Space News
space history and artifacts articles

space history discussion forums

worldwide astronaut appearances

selected space history documents

  collectSPACE: Messages
  Space Explorers & Workers
  Gilbert Moore, space educator (1928-2020)

Post New Topic  Post A Reply
profile | register | preferences | faq | search

next newest topic | next oldest topic
Author Topic:   Gilbert Moore, space educator (1928-2020)
Robert Pearlman

Posts: 45334
From: Houston, TX
Registered: Nov 1999

posted 12-28-2020 10:46 PM     Click Here to See the Profile for Robert Pearlman   Click Here to Email Robert Pearlman     Edit/Delete Message   Reply w/Quote
R. Gilbert Moore, a rocket propulsion engineer who spent decades engaging thousands of students in spaceflight experiments, died on Monday (Dec. 28, 2020), according to former NASA astronaut Jack Fischer (via Twitter).
We lost a legend today, Prof. Gil Moore, who for 7+ decades, pushed bounds of discovery and lit fires in 1000s of children worldwide. Powered by imagination and boundless enthusiasm, his impact will be felt for generations.
A biography from Utah State University:
R. Gilbert (Gil) Moore began his 60 year career as a rocket propulsion engineer in 1947 working as a student assistant at New Mexico State University's Physical Science Laboratory. As a student he performed radio telemetry data reduction and installed upper atmospheric and solar research instrumentation in captured German V-2 rockets. In 1949 after graduating with a B.S. degree in chemical engineering, he became professional staff at the Laboratory. During the next thirteen years he supervised teams of students and professionals in instrumenting and launching hundreds of flight test and upper atmospheric research sounding rockets from the White Sands Proving Grounds in New Mexico as well as from locations in the Pacific and Atlantic oceans.

Moore moved to Ogden, Utah, in 1962 to become the founding general manager of the Astromet Division of Thiokol Corporation. During the next twenty years, this organization built and launched several hundred sounding rockets and six satellite experiments from sites around the world to measure various characteristics of Earth's ionosphere, thermosphere and magnetosphere. The Division also manufactured, installed and operated radio telemetry systems for monitoring meteorological and hydrologic variables in the mountains of the Western United States and Canada.

In 1981, Mr. Moore transferred to Thiokol's Wasatch Division, where he served as special projects manager for the Space Shuttle solid rocket motor program and as principal investigator for gossamer space structures. He became the Thiokol Wasatch Division's director of external affairs in 1985 and represented the corporation to the press and public during the Space Shuttle Challenger accident investigation. He retired in 1987.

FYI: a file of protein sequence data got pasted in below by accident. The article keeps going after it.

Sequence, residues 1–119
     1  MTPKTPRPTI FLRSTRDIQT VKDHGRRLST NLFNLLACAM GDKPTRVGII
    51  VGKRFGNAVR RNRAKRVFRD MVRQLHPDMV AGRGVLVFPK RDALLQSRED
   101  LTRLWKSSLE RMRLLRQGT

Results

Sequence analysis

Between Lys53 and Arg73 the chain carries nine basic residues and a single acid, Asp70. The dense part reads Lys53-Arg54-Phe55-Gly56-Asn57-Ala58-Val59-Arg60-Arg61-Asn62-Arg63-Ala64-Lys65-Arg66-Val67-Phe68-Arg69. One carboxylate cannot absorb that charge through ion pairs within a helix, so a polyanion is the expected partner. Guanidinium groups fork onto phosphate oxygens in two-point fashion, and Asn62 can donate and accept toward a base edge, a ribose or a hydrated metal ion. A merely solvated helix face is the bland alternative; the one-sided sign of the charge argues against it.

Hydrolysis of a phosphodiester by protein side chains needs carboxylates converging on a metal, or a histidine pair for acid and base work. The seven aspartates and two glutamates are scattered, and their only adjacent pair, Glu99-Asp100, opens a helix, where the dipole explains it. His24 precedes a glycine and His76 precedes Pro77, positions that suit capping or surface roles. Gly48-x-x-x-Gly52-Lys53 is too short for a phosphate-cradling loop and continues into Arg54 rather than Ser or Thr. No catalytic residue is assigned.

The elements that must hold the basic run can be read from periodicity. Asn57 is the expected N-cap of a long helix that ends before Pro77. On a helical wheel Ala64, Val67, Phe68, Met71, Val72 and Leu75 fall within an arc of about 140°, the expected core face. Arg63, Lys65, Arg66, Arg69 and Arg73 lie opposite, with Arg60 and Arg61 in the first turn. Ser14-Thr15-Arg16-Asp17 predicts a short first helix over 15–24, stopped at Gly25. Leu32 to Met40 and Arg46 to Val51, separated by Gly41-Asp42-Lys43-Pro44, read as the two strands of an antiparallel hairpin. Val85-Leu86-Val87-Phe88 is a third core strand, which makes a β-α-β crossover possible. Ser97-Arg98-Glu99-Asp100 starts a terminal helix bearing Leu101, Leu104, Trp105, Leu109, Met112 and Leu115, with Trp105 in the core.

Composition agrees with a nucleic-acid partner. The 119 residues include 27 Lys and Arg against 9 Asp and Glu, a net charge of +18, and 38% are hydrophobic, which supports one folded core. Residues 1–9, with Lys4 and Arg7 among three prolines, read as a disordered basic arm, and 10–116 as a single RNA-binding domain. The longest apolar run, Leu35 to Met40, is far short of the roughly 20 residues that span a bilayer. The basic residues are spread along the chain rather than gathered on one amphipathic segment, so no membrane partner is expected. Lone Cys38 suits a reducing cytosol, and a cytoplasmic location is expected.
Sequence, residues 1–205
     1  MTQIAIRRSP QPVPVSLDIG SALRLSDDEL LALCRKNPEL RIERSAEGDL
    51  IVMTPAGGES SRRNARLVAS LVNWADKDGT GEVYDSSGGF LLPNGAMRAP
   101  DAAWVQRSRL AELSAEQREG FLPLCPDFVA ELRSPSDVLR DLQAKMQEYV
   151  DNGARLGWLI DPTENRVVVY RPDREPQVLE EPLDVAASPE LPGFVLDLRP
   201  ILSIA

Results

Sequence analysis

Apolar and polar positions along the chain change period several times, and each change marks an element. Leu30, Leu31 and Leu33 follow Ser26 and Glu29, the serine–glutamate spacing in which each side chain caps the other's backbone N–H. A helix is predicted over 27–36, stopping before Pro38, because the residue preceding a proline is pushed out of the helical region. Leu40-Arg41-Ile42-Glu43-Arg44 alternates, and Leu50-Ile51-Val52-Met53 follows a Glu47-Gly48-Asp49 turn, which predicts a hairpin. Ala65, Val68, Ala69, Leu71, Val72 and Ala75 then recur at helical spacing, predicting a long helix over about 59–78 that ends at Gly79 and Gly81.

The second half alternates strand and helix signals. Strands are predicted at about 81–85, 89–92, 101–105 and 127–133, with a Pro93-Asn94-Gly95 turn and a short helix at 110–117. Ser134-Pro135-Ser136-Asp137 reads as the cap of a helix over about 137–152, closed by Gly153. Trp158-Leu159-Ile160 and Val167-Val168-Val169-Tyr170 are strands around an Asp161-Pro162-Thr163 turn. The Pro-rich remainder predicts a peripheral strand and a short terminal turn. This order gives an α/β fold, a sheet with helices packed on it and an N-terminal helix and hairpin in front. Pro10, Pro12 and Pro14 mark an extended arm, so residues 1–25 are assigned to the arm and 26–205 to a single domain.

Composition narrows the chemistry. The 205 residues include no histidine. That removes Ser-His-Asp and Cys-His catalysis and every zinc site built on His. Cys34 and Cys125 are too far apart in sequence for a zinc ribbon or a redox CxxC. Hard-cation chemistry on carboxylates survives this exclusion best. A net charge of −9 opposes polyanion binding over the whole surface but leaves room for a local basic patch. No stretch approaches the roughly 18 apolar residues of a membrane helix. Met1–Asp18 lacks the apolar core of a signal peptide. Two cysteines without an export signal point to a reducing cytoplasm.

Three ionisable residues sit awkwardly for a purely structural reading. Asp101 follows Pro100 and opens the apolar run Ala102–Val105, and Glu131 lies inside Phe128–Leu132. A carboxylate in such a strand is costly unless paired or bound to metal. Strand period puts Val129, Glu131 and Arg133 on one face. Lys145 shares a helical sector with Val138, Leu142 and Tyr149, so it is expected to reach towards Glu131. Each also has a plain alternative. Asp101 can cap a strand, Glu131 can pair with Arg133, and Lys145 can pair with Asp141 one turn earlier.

Moore spent the next two years with Globesat, Inc., a small spacecraft manufacturer in Logan, Utah, as vice-president for advanced programs. In July of 1989 he joined Utah State University's Space Dynamics Laboratory as a senior research scientist. In 1994, he retired from SDL and moved to Monument, Colorado, to join the Astronautics Department of the United States Air Force Academy as the first occupant of the General Bernard A. Schriever Chair in Space Systems Engineering. During the next two years, he led an initiative to teach upper-division cadets to design and build small spacecraft for flight on military launch vehicles. After setting up an extremely successful program, he retired from the Air Force in 1996.

After retiring from the U.S. Air Force Academy, Moore established Project Starshine, a volunteer student satellite project designed to measure the response of Earth's atmosphere to storms on the Sun, during an eleven-year solar cycle. Some 25,030 children in 660 schools in 18 countries worked in teams to polish 878 mirrors that covered the outside of the satellite and reflected flashes of sunlight to ground-based observers during twilight passes of the satellite over their locations. Between 2000 and 2002 two more Starshine Satellites were launched into orbit. In addition to introducing students to space research, important data was gathered for the science community on the effects of solar extreme ultraviolet radiation on satellite orbital decay.

Gil Moore has a long history with Utah State University. In 1976 he and his wife, Phyllis, purchased and donated to Utah State University the first Space Shuttle "Get Away Special" (GAS) experiment that NASA made available to the general public. The Moores assisted students over the next six years to build microgravity experiments that flew in space in the GAS-001 canister mounted in the cargo bay of the Space Shuttle Columbia. The Moores also purchased four additional GAS flight slots and donated them to Utah State University and Weber State University. Even as late as 2013 he funded three USU GAS satellites on a SpaceX Falcon 9 rocket. In 1987 Moore co-founded the highly successful Small Satellite Conference. In 2014 he was awarded an honorary Doctor of Physics from USU. Mr. Moore has been an adjunct instructor in the physics department at USU starting in 1976.